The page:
How is the 123 site made?

coding guild

What’s Mini Squid?

Mini Squid is the guild I run on Hypixel. It doesn’t bring anything to table for its players, except there are players online during all timezones and everyone must submit a drawing to join in.

You can visit the site here:


Static site generator

Much like this blog, the guild’s site is made using a static site generator. Those are fancy words, let’s break it down:

So what’s the difference with other websites? Usually, a website is generated every time you request it. This allows for dynamic (the inverse of static) content to be displayed. For example, you could display today’s date, or the temperature outside, or Hypixel’s current player count.

In comparison with the current time on a clock, this website doesn’t change much.

Custom generator

This blog is created using Hugo. It’s a really good generator for creating blogs. but the guild website isn’t a blog, it’s mostly some sort of gallery. In this case, instead of looking for existing solutions, I just went out and created my own!

I kind of knew what I wanted the site to look like (a header pic, some text and a gallery).

But more importantly for the generator code, I knew the workflow I was looking for:

  1. Set up the website’s HTML/CSS once.
  2. When someone submits a drawing, add it to some folder.
  3. Run the generator once in a while to get a bunch of files.
  4. Upload all those files using FTP.

I described a generator as a tool which turns something into something else. In this case, we are turning a base html file + a bunch of drawings into some “cool” html site.

A base website template

HTML defines the structure of a site. Like in this blog, the titles are big, there’s a picture at the top and some lists. CSS defines the style/looks of the site. Again for this blog, everything is black and white.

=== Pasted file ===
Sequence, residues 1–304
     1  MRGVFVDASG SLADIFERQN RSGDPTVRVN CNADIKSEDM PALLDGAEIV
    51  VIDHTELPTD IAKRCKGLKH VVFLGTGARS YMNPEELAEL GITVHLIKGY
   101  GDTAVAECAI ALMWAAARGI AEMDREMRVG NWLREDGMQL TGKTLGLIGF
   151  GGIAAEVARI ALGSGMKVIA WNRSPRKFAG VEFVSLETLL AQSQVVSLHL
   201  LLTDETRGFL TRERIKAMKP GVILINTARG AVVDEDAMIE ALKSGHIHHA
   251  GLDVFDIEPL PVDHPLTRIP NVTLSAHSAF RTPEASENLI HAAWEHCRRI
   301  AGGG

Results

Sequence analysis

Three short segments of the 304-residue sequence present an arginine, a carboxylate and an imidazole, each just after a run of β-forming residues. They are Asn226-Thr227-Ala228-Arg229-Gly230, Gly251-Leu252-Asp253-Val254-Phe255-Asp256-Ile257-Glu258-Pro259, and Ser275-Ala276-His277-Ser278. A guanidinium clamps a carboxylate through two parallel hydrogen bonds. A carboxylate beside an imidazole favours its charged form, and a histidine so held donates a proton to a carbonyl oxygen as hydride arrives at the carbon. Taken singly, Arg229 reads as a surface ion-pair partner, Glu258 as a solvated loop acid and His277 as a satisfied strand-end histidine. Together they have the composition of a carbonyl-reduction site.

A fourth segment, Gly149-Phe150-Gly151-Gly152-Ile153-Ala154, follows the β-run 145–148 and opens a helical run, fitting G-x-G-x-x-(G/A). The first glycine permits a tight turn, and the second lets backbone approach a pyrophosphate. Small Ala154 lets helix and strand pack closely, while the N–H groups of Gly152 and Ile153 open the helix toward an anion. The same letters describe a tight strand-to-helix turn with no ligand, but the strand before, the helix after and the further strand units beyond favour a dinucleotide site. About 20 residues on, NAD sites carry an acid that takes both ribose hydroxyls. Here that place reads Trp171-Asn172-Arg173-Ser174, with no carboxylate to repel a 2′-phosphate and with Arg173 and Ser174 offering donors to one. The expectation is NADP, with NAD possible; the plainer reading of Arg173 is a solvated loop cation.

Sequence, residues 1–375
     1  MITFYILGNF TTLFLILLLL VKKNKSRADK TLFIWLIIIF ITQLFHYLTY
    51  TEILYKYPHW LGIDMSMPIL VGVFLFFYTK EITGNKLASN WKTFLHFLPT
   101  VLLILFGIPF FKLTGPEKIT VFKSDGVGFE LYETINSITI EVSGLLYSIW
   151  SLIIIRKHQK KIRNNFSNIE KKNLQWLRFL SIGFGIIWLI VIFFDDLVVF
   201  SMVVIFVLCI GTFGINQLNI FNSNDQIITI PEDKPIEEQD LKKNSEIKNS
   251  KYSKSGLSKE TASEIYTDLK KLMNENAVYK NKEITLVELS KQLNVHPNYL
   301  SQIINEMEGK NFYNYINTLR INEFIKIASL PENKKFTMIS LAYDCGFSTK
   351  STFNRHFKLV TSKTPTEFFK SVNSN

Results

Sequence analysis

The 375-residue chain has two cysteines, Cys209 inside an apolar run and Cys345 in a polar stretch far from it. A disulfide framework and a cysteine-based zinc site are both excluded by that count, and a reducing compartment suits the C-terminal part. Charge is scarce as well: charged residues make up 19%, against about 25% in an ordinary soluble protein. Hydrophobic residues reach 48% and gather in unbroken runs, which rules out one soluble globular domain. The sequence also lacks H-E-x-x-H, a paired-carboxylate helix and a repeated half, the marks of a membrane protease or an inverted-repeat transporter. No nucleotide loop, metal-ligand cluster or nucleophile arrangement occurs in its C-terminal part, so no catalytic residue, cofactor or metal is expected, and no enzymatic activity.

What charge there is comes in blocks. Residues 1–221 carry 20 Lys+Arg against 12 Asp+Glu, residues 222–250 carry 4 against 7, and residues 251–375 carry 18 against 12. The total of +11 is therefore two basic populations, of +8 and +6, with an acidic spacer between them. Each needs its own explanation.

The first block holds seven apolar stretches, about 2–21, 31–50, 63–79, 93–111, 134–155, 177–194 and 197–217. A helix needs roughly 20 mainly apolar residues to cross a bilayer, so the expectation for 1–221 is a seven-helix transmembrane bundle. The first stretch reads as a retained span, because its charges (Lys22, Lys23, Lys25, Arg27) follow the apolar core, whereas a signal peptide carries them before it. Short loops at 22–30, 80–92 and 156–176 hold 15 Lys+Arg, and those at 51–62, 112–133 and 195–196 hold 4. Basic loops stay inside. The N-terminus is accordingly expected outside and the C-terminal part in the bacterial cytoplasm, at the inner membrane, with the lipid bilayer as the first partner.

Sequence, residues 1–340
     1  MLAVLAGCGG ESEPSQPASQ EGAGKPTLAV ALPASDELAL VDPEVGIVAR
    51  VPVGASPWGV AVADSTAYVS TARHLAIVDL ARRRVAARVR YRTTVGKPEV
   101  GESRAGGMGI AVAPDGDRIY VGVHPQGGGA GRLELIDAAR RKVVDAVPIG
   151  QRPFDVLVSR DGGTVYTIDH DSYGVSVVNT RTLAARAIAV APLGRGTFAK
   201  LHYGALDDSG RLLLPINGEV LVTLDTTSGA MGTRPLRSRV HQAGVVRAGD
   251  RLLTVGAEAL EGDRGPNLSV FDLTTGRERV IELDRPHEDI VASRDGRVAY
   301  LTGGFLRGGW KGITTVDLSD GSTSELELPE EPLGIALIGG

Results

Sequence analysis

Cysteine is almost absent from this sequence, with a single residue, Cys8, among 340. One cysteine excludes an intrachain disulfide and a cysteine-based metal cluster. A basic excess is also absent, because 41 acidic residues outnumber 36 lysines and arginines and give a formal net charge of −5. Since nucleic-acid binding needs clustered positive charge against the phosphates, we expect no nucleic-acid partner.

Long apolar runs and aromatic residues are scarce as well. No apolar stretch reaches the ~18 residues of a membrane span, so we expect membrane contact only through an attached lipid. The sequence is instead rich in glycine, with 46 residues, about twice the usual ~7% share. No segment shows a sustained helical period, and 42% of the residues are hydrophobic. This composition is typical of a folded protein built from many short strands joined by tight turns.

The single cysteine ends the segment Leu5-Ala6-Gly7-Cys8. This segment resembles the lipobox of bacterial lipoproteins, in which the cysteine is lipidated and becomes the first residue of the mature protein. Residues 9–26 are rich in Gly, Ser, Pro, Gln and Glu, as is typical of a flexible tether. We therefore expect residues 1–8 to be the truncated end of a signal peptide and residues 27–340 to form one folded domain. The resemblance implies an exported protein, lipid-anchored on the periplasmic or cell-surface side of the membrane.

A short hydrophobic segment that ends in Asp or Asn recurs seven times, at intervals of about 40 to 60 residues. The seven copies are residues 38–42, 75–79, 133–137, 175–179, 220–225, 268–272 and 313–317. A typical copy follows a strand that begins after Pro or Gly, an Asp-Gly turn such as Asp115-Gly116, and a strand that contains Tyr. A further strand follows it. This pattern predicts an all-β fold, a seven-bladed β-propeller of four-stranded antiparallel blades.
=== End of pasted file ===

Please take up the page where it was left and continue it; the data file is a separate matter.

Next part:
My first step was to get a gallery site going in pure HTML/CSS.

Here is an example HTML file:

        <h1>Mini Squid</h1>
        <img src="header.jpg" id="header">
        <div id="content">
            <p>To join the guild, Tweet <a href="">@Minikloon</a> with your best drawing of a rainbow.</p>
			<p>Please include your Minecraft username and leave your current guild.</p>
        <h2>Hall of Fame</h2>
        <div class="gallery">

Oops! This is basically the final site. I just needed to fill in the “gallery” part.

I figured I didn’t have time to sharpen my CSS knowledge enough to be able to center images, even less so to create a grid. So I repeatedly googledhtml gallery example”, “html gallery template”, “html image grid”, “html image grid how” until I got a good example of a simple grid of images.

I found this tutorial. (Associated CodePen)

I didn’t really care for Flexbox. CSS Grid layout didn’t even exist. I just copy/pasted whatever worked for me.

Generating thumbnails


Here’s the first code part of the generator.

I wanted to automatically turn the drawings into thumbnails for the gallery. One thing out of the way: I built the generator program in Java, because I’m most used to that language.

I googled “java thumbnail” and found a sweet project for my use case: Thumbnailator. It had very high abstraction level and took care of the problem in one snippet, explained on the Github’s readme.

Thumbnails.of(new File("path/to/directory").listFiles())
    .size(640, 480)

Templating engine

With my viciously copy/pasted website design + the thumbnails, half the work was done.

What was left was filling the gallery div with copies of this:

<a href="drawings\boston_slime.png" class="gallery-a">
        <img src="thumbnails\boston_slime.jpg" class="gallery-img">

One of those ^, for each thumbnail.

I could’ve just taken the whole site as a string, search for “INSERT PICTURES HERE WITH COOL HTML” and replace it with the html. But I didn’t really want to write HTML in my code, I didn’t want to deal with tabs and most importantly I wanted it to be cool.